Photographer Who Opposes LGBT Anti-Discrimination Law Receives Support From DOJ

(CN) – The Department of Justice expressed support for a Kentucky photographer who claims that Louisville’s anti-discrimination law forces her to shoot same-sex weddings.

The DOJ filed a statement of interest on Thursday in federal court in Western Kentucky, where Chelsey Nelson sued the Louisville/Jefferson County Metro government.

She sought a preliminary injunction against a law that bans discrimination based on sexual orientation, among other things.

(AP Photo/Charlie Riedel)

“The central question presented in this case is whether the government can compel a wedding photographer to photograph, provide photography editing services for, and blog about weddings of which she does not approve, and does not wish to photograph or to promote,” wrote Assistant Attorney General Eric Dreiband.

Nelson declines requests to use her “artistic talents to promote or positively portray anything immoral, dishonorable to God, or contrary to [her] religious beliefs.”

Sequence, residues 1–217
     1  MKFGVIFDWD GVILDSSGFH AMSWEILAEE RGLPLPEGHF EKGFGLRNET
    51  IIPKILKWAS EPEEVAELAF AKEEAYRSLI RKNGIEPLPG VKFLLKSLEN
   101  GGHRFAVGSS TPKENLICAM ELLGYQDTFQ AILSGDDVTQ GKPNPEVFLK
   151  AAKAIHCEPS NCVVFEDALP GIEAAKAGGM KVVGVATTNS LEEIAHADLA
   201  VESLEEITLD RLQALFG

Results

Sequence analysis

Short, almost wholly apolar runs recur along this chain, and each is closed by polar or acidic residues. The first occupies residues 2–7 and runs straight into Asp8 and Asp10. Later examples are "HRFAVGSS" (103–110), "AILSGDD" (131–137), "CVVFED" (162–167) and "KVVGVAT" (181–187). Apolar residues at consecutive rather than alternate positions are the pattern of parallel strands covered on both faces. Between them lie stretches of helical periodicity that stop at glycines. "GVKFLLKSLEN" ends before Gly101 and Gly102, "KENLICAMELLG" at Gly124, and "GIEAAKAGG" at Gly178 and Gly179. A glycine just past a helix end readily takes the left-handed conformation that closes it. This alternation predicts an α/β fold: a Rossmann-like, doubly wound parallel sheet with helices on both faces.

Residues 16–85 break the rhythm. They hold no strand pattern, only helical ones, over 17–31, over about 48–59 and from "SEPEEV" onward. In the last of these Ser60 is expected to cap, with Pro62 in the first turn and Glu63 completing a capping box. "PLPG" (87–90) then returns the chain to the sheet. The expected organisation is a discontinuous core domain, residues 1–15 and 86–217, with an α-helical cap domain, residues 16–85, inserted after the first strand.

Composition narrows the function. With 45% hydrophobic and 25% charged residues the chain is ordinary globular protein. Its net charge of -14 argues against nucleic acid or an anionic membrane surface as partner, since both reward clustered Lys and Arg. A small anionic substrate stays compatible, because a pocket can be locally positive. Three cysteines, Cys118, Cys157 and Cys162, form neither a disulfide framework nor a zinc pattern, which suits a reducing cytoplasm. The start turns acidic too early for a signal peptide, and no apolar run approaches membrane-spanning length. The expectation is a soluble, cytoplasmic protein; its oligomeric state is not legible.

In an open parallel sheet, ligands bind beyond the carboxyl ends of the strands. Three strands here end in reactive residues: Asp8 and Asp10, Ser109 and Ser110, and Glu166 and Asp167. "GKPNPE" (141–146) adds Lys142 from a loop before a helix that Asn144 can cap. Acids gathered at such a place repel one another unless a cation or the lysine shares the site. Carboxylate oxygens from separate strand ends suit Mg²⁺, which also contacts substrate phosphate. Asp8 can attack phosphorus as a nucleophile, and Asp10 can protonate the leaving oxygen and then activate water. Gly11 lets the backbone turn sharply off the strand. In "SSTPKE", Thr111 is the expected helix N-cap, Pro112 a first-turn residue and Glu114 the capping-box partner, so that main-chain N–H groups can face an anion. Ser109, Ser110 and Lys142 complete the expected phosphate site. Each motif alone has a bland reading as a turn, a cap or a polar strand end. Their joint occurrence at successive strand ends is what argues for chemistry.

Dreiband stated that the Louisville law implicates free-speech rights because “photography is an expressive art form” and “a wedding itself is an expressive event.”

He added that Nelson is entitled to an injunction because she has shown a likelihood of success on the merits of her claim.

“Just as the government may not compel the dissemination of expression, it equally may not compel the creation of expression … An artist cannot be forced to paint, a musician cannot be forced to play, and a poet cannot be forced to write,” Dreiband stated.

The assistant attorney general also asserted that Louisville’s ordinance qualifies as a content-neutral law that is subject to “heightened scrutiny.”

Nelson stated that she also blogs about the weddings she shoots in order to “share the joy of marriage between a man and a woman with as many people as possible.”

According to Dreiband, “A photographer who did not endeavor to tell the wedding story in a positive and celebratory manner through her work would not be doing the job she was hired to do.”

He also stated that the Louisville government did not present “a sufficient governmental interest to override Ms. Nelson’s weighty First Amendment interest in declining to create the expression at issue here.”

Dreiband was joined in his statement by Elliott Davis, the acting principal deputy assistant attorney general; and Eric Treene, special counsel for the DOJ’s Civil Rights Division.

The Louisville/Jefferson County Attorney’s office did not immediately respond to an email request for comment.

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